Then we strolled around the courtyard of Dublin Castle. We actually flagged down an out of service tour bus, but the driver let us on when we told him we were going to the Guinness Storehouse! He made us duck and hide when he told some other people his bus was closed, and then he took us straight there!
 
The Guinness Storehouse was originally a 4-acre plot of land with a 9000 year lease signed by Arthur Guinness. It’s since been paid off, and acres has been added to fill 65 acres of brewing madness. It’s the second largest brewery in the world, the first being in Nigeria, and also makes Guinness. Our private bus driver told us that Nigerian Guinness is 9% proof, whereas Irish is only 4.5%. Also, in the past workers were required to drink a pint during work, and could be fined if they didn’t!
 
The coolest parts of the tour were where we learned how to properly drink a Guinness to get the full taste (big breath in, mouthful of Guinness, swish, swallow, big breath out) and how to properly pour (tilt 45 degrees, fill 80%, let sit, fill the rest til the foam just rises above the lip). We took our hand-poured, complimentary pints up to the seventh floor where we had a panoramic view of Dublin.
   

     

Our intention was to go to Old Jameson’s Distillery to learn about whiskey next, but the last tour left at 5:15 and it was 5:05 when we were done with Guinness. Instead we got on a bus and slept through the route home. We went back to O’Niell’s for the third time in two days for dinner, then a cafe called Hippety’s for dessert. It’s owner is American, and he traveled the world for 15 years before settling in Dublin. We were allowed to stay in the cafe an hour and a half after it closed!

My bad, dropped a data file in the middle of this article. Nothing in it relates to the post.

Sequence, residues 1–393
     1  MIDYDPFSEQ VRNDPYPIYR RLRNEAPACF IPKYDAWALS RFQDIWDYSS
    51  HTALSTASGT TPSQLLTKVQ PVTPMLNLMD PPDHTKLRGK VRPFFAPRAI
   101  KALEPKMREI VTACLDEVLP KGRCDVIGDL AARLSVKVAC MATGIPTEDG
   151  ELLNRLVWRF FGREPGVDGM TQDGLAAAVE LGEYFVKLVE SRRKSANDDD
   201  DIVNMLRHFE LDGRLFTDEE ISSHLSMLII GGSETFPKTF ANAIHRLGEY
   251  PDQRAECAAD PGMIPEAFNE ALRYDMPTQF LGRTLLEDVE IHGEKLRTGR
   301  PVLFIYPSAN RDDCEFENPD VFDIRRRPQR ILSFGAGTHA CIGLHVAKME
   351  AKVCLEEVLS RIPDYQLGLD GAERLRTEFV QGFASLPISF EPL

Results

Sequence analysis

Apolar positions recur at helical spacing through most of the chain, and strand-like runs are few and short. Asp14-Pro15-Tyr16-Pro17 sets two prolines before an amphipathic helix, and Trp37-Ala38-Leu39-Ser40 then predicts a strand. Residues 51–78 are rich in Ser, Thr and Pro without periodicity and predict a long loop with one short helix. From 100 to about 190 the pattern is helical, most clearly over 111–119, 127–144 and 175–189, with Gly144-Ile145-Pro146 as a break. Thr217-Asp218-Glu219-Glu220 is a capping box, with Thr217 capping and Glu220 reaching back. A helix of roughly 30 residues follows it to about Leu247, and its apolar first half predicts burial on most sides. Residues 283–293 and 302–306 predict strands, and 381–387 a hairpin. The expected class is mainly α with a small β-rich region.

We walked around the Temple Bar area for a bit, popping in bars to get warm and listen to some music, then eventually made our way home in the rain to try to sleep before waking up early for our bus to Limerick. 
The Irish are some of the most friendly people I’ve ever met. Liz and I would try to sneak past the front desk at the hostel, but would always get stopped by whoever was working there and end up talking to them for ten minutes. One of them even offered to print out stuff for us free of charge on the office printer. Every restaurant, museum, and church we went into was filled with Irishmen willing to lend a hand to us. We definitely had to answer the “where are you from” question several times a day! I also (blessedly) have barely had to worry about wifi. They have it everywhere, even in ancient churches! 
Today we take the bus to Limerick and then on to the Cliffs of Moher, the eighth wonder of the world. 
Advertisements

One thought on “Two Days in Dublin

  1. You know what they say about the British Isles? If you don’t like the weather, just wait five minutes! Sounds as if you have been experiencing the fickleness of our climate. But just look what it does to the colour of the grass…Ireland is not for nought “The Emerald Isle”.

    You two are complete stars at charming your way into staying longer, travelling further and generally squeezing every drop of experience value out of your trips – hats off!

    The pint-pulling shot looks most professional – Liv will be glad of some training from you both, though her Wiekse Rosé beer pouring last night proved she is making progress! Practice makes perfect of course.

    Enjoy the rest of Ireland!

    Liz

    Like

Leave a Reply

Fill in your details below or click an icon to log in:

WordPress.com Logo

You are commenting using your WordPress.com account. Log Out / Change )

Twitter picture

You are commenting using your Twitter account. Log Out / Change )

Facebook photo

You are commenting using your Facebook account. Log Out / Change )

Google+ photo

You are commenting using your Google+ account. Log Out / Change )

Connecting to %s